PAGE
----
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December 2004
Chicago Tribune

O No, Christmas Tree


By Terry Sullivan. Terry Sullivan is a frequent contributor to the Magazine but never learned welding
Published December 5, 2004

I haven't any idea about trees falling in forests, but I can tell you firsthand that when a 9-foot Christmas tree falls in a living room, amazingly nobody hears it.

On either occasion.

Happened the first time in my childhood, at my maternal grandmother's house. Understand that this was a German grandmother, with the genetic need for a tree that wouldn't be ashamed to stand in the lobby of a medium-sized hotel. Only the ceiling height stopped her, and until I was 10 I didn't know Christmas trees came to a point-all of ours had been seriously lopped off to fit the room.

Imagine a giant bush in a corner, hanging over half of the furniture. The same German needs required that the lead tinsel (now sadly banned, probably because we kept chewing it as children) be hung one strand at a time, and carefully pinched over the branch so the ends didn't show, until great sheets of it bent the branches. And that certain of the ancestral ornaments be hung in their traditional places, and, most important of all, that the wires for the lights-lovely, tiny yellow lights, made to illuminate telephone switchboard lines, that my grandfather had brought home from the Western Electric plant where he worked-be snaked invisibly along the branches.

The day of the trimming was also the day of my grandparents' traditional annual holiday fight-about the unacceptably visible wires, or tinsel that wasn't hanging as straight as a Marine colonel's spine, or a pickle ornament my grandfather had placed where the glass tomato was supposed to hang. My grandfather was a Swede from Brooklyn, and probably didn't fully understand German ornamentation regulations as well as he might have.

And yes, there was a pickle ornament-and a carrot, and an ear of corn and the above-mentioned tomato. Lots of foodstuffs, although there was no fruit, Germany being a root-vegetable culture. I'm sure there would have been potatoes and a rutabaga if they'd been available.) There were fish, birds with fiber tails and a violin. There were bubble lights and I need not, I'm sure, tell you that they were the only perfectly vertical bubble lights in Christendom. Some of these suffered a nasty death or serious dismemberment the night the tree fell, a fate not unlike what awaited my grandfather when the tree was found supine the next morning.

All of which is how my father, the son-in-law in this case, came to create The World's Best Christmas Tree Stand. He no doubt was interested in calming his mother-in-law, getting his father-in-law off the hook and preventing future Christmas tragedies, but he was also a man who liked a challenge. And he was a machinist.

So he went off to work, where he borrowed some spare steel from the Illinois Central Railroad, much like my grandfather had borrowed those switchboard lights. He delivered a 20-inch-square, 3/8-inch-thick steel plate with a piece of 7-inch-diameter iron pipe, about 10 inches tall, welded to it. The thing weighed maybe 75 pounds and he painted it a festive silver.

After he brought it to my grandmother's, he took a slightly smaller piece of pipe and drove it onto the tree base with an 8-pound maul, then telescoped the tree-holding pipe into the one welded to the plate and inserted four bolts into the threaded holes he'd tapped around the top of the pipe. These were completely unnecessary, of course, but he was making sure. He'd made the stand while he was supposed to be working on the railroad, and his goal was clearly to fashion something you could drive a freight train into without fear.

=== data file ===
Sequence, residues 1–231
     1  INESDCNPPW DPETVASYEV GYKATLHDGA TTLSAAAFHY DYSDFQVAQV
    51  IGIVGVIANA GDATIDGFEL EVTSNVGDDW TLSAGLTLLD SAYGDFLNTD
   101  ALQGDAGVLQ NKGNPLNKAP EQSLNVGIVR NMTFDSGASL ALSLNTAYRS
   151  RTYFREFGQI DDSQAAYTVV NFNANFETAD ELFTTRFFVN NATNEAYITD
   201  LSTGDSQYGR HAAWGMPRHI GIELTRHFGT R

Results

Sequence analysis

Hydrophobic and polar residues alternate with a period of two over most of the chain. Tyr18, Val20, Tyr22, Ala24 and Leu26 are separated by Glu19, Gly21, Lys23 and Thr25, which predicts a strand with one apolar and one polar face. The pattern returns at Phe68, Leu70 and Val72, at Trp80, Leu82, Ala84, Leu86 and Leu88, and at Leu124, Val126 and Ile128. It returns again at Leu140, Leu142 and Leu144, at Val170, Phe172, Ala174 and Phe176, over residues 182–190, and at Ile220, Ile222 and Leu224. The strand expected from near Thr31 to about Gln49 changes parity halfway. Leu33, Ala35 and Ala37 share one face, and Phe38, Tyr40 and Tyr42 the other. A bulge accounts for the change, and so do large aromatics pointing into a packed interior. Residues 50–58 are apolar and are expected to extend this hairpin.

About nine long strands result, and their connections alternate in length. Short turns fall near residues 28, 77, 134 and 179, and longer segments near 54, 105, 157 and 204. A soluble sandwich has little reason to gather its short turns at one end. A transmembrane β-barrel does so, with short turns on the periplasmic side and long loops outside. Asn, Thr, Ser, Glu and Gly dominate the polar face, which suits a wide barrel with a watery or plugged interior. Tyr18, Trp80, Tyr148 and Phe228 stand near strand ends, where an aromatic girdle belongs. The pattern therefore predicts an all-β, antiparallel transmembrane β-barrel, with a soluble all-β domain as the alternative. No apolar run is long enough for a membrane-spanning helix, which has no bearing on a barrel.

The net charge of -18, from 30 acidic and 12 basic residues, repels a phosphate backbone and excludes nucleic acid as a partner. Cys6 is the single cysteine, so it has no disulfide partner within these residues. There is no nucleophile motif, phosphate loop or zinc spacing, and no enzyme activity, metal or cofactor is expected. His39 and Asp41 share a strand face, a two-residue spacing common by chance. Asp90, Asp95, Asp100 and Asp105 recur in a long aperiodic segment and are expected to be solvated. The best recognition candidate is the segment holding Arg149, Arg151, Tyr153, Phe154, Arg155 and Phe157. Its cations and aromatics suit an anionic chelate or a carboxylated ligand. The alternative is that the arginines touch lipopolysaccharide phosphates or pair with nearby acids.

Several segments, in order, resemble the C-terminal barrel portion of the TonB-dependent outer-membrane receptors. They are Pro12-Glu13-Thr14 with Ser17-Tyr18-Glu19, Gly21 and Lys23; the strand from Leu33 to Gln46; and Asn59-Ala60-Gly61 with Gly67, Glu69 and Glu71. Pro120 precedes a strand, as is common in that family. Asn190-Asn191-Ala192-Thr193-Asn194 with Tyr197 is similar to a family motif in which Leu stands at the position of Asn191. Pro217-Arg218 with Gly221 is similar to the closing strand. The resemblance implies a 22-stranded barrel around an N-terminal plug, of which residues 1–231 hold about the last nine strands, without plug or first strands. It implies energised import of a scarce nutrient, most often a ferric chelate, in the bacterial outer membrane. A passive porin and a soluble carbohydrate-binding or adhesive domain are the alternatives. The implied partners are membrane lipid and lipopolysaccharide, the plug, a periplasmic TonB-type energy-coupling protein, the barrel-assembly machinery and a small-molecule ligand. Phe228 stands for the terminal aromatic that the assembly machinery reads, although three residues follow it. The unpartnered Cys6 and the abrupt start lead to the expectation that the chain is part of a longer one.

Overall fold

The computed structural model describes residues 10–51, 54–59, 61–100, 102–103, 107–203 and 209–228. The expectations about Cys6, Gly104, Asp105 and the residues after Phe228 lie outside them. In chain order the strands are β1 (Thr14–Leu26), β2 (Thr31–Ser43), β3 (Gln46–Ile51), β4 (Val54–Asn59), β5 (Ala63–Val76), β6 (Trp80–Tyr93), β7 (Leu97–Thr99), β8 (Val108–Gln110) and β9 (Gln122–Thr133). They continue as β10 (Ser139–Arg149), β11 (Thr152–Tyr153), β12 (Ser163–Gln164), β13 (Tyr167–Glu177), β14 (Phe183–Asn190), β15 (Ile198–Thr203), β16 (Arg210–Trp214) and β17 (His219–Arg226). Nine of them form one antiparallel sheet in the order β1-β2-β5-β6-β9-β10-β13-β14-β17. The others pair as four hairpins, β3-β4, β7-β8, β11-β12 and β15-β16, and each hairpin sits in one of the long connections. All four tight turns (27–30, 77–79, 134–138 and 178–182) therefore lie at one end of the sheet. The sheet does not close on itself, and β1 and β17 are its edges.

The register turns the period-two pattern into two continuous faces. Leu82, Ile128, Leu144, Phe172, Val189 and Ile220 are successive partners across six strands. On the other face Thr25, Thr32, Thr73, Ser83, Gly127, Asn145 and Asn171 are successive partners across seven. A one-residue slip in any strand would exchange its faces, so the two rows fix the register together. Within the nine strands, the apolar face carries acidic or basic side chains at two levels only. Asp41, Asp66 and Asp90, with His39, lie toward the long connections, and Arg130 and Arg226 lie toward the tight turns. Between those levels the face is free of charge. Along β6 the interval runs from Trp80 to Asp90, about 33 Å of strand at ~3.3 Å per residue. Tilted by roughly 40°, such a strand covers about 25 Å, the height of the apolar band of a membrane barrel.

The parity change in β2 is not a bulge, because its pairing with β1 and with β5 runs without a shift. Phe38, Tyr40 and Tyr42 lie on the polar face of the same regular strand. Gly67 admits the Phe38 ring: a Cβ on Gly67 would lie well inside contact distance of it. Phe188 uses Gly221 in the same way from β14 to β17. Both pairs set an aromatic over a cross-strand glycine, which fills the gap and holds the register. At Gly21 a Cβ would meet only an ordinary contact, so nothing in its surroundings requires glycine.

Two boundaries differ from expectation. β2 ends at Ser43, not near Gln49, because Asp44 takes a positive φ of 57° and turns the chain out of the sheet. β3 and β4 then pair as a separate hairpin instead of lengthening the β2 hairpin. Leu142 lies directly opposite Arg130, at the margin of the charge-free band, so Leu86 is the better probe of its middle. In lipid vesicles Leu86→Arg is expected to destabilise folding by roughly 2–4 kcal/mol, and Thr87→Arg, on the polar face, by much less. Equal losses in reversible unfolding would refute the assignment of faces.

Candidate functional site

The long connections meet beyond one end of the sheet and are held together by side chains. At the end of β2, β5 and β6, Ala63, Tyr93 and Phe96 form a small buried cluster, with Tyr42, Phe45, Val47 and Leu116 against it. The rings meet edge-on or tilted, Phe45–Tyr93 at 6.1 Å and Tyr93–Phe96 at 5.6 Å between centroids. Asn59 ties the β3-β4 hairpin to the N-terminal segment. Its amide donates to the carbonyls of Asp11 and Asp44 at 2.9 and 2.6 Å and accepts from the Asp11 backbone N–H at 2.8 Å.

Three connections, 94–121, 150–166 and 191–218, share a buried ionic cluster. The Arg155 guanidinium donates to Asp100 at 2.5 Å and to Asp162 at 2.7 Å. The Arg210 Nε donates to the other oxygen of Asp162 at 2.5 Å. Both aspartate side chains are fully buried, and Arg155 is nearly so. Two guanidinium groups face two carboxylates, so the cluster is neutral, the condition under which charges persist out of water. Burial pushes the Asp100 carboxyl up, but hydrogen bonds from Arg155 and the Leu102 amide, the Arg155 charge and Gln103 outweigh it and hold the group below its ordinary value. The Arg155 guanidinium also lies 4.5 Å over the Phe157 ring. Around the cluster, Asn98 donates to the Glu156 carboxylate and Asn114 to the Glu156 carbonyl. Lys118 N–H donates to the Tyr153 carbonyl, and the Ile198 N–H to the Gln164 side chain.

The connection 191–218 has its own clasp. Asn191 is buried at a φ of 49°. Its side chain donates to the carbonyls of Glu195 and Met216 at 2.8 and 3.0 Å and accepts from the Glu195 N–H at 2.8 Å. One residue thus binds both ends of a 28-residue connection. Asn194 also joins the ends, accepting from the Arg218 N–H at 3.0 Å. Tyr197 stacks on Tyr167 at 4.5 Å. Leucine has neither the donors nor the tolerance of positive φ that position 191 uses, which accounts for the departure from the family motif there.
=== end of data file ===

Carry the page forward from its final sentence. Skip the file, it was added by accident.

I didn't think much about all of this until I was married, with giant trees of my own. (I'd inherited the need for a Marshall Field's-sized display, if not quite the fuss-budgety ornament-placement gene.)

We would carefully decorate the tree's boughs to the delight of our smiling children, hanging vegetation and fauna ("Ornta-ments!" my youngest would croon) and trying to hide the wires on the lights. I use clear bulbs and a rheostat dialed down low in an attempt to replicate the small glow of those switchboard lights. (It's a genetic thing.) And no tinsel, because my family has rejected the plastic stuff as unwilling to hang perfectly straight, the way Gott intended. I've added 150 feet of (fake) pearls instead, and, while they are horizontal and violate the verticality rule, I like to think my grandmother would approve. The result is stunning, if I do say so myself.

Or it was until the fateful morning we got up and found the tree, ornta-ments and all, fallen to its death, scattering my inherited glass pickle, carrot and violin to the carpet. Which is when I remembered that the holiday season after my grandparents passed away, perhaps to festoon some tannenbaum in the sky, my sister (who has lower ceilings than I do, by the way) had quietly laid claim to the World's Best Christmas Tree Stand.

I spent the next couple of dozen years buying a series of failed tree stands. They were made of cheap, punched-out sheet metal. They bent. They wobbled. They required six months' worth of magazines under one leg to present a straight tree, the application of which itself once resulted in a fallen free before the pickle had even been hung. (And there's a phrase I'll bet you've never read before.)

I considered doing what the guys at Daley Plaza do with the Mayor's giant tree-guy wires attached to stakes-but my wife drew the line at my driving spikes into the living room floor. In the end I wired the treetops to door frames and walls with picture-hanging materials. But instead of dreaming of sugarplums, I would sleep restlessly, knowing that somewhere my grandmother was telling my father that she could see the wires, and that his stand was much better.

And then a couple of years ago some other Germans came to my rescue. Who else would care enough about monster Christmas trees to bother? I found the Krinner Christmas Tree Genie for sale at Poor Bob's, my local tree lot in Evanston. It is the BMW of tree stands, right down to being made in Bavaria. It is the pure application of Deutsche-engineering to the problem of holding a towering balsam aloft in a living room.